• Note: this was a significant difference between the Adafruit LCD and the PiFace Control and Display. The PiFace Control and Display supports event driven button handling whereas the Adafruit LCD requires polling the buttons, simply looping through checking to see if each button has been pressed.  (I resolved this problem in the temp4sensor.py code by making the Temperature sensing portion of the code into a timebased event handler.
  • Adafruit also includes usage and testing instructions that describe a program called Adafruit_CharLCDPlate.py which allows you to verify the LCD and buttons have been assembled correctly. It polls the buttons and changes the display and color as you press the various buttons. This program provides a good example for handling buttons in python.
  • Note: one thing to watch for when first using this LCD is that it won't powerup until you actually run code to turn it on. Also be sure to follow the instructions on setting the contrast, the display is impossible to read if the contrast is set incorrectly.

Install Python Modules and Files Required by temp4sensor.py

  • To run the Temperature Monitor, you'll need the GPIO library for Raspberry Pi
  1. sudo apt-get install python-rpi.gpio
  • To play audio files for the alarm sound you'll need mpg321, install this by running the command:
    sudo apt-get install mpg123
  • The audio sound played by temp4sensor.py is a public domain sound from sound bible. The script plays Robot Blip 2 three times to get the desired sound. I also liked the Alien Siren sound effect.
    Download at least the Robot Blip sound from here:
    Robot Blip 2 Sound
    Alien Siren
  • The LCD Pi Plate Python code for Pi is available on Github at  https://github.com/adafruit/Adafruit-Raspberry-Pi-Python-Code
  1. sudo apt-get install git
  2. git clone https://github.com/adafruit/Adafruit-Raspberry-Pi-Python-Code.git
  3. cd Adafruit-Raspberry-Pi-Python-Code
  4. cd Adafruit_CharLCDPlate
  5. To test the LCD display use the Adafruit_CharLCDPlate.py script which polls the buttons and changes the screen text and color accordingly
  6. Note: this script requires sudo access so you'll need to run the command as follows:
  7. sudo python Adafruit_CharLCDPlate.py

Solder the Temperature Sensor Jacks


This step is optional as you can clearly solder the temperature sensors directly to the LCD. In a previous blog post I mentioned the Adafruit tutorial that describes how to wire up one temperature sensor To use two temperature sensors we simply wire the sensors up in parallel and I've made code changes to support data returned by two sensors.

The temperature sensors have to be soldered as follows
Blue goes to Ground
Red goes to 3V power

Yellow goes to Data port #4

You'll also need the 'pullup' resistor which is supplied with the ds18b20-temperature-sensor. This resistor is required so the temperature sensor reading can be made by the pi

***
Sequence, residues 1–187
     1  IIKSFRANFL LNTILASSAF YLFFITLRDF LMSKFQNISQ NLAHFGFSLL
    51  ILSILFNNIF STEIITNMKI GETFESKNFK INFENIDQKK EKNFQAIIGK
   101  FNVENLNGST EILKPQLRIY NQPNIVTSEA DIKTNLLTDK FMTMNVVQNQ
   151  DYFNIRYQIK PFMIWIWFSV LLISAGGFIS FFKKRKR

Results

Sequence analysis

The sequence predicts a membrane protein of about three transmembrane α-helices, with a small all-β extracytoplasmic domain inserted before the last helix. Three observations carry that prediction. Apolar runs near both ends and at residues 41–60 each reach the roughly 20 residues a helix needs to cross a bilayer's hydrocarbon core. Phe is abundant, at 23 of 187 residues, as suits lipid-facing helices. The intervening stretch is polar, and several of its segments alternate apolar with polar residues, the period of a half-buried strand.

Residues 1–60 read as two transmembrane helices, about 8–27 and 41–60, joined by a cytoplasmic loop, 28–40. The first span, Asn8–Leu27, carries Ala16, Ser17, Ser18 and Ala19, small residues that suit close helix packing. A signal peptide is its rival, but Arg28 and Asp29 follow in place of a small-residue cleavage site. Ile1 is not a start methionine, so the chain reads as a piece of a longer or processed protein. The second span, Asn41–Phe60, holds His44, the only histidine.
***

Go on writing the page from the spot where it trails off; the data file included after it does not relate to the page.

Plug in the Remote Speaker

A feature of the Raspberry Pi is the 3.5mm analog audio out. We'll use this feature to play an audio mp3 file when the temperature is out of the acceptable range. I happened to have a  Boombotix Portable Speaker, so this step was easy, just plug the 3.5mm jack in to the output port of the Raspberry Pi. A future enhancement for this temperature sensor is to install a smaller speaker inside the project box.

Temperature Sensors


One optional step for the Temperature Sensor is to use a Raspberry Pi Cobbler when testing the temperature sensor wiring. The cobbler is shown above and wiring it to the temperature sensor is described in the following Adafruit tutorial Eventually the temperature sensors need to be soldered to the 3.5mm plugs. I used headphone jacks simply because headphone cables have three wires (the same as the temperature sensor cables) and extension cables can be obtained fairly cheaply. Be careful to match the correct wire from the jack to the correct wire from the plug.


Install the temp4sensor.py code and config file

The temp4sensor.py code is meant to drive the temperature sensor. It requires a configuration file called temp4sensor.cfg. Both should be copied to the directory /home/pi/bin/
Download the files temp4sensor.py, temp4sensor.cfg and tempsensorStart from the Attachments portion of this blog post

The configuration file is a simple text file that needs to have the following lines:

#Temperature values in F:

Test the program by running it from the commandline as follows:

  1. sudo python temp4sensor.py


Configure the system so temp4sensor.py starts up at Pi Boot-Up

In order to cause the temp4sensor.py script to start automatically when the Raspberry Pi powers on, we need to configure it as a Linux Init Script

  • Download the file "tempsensorStart" from the attachment on this blogpost  Once configured, this script calls the temp4sensor.py script at startup.
  • copy tempsensorStart to /etc/init.d
  • run the following command to make it executable
    chmod +x /etc/init.d/tempsensorStart
  • test running the script to ensure it won't have problems at reboot time
  • register the command to run at startup by running the command:
    sudo update-rc.d tempsensorStart defaults

Viola! We're Finished

  • Now the temperature monitor is ready to be mounted at the installation site. As mentioned before we want to install the unit outside of the refrigerator unit, but we also don't want to install the device in too warm of a location either. I've read that Raspberry Pi's can tend to overheat, in fact there are heat sinks available and included in the Ultimate Raspberry Pi Bundle. My device is going to be installed in a somewhat cool warehouse so I'm leaving the heat sinks off for now, it will be interesting to see how the unit holds up.

Video of the Channel One Temperature Monitor In Action

The Ultimate Raspberry Pi Bundle has been a great collection of equipment to work with and test out. Now that the Temperature Monitor is finished I'll be demoing this alarm system to the good people at Channel One Food Shelf. Hopefully it can be used to prevent future food loss in their aging fridge and freezer units.


Note: after some additional testing, I made a few changes, the latest version of the code can be accessed here https://gist.github.com/mazzmn/9441036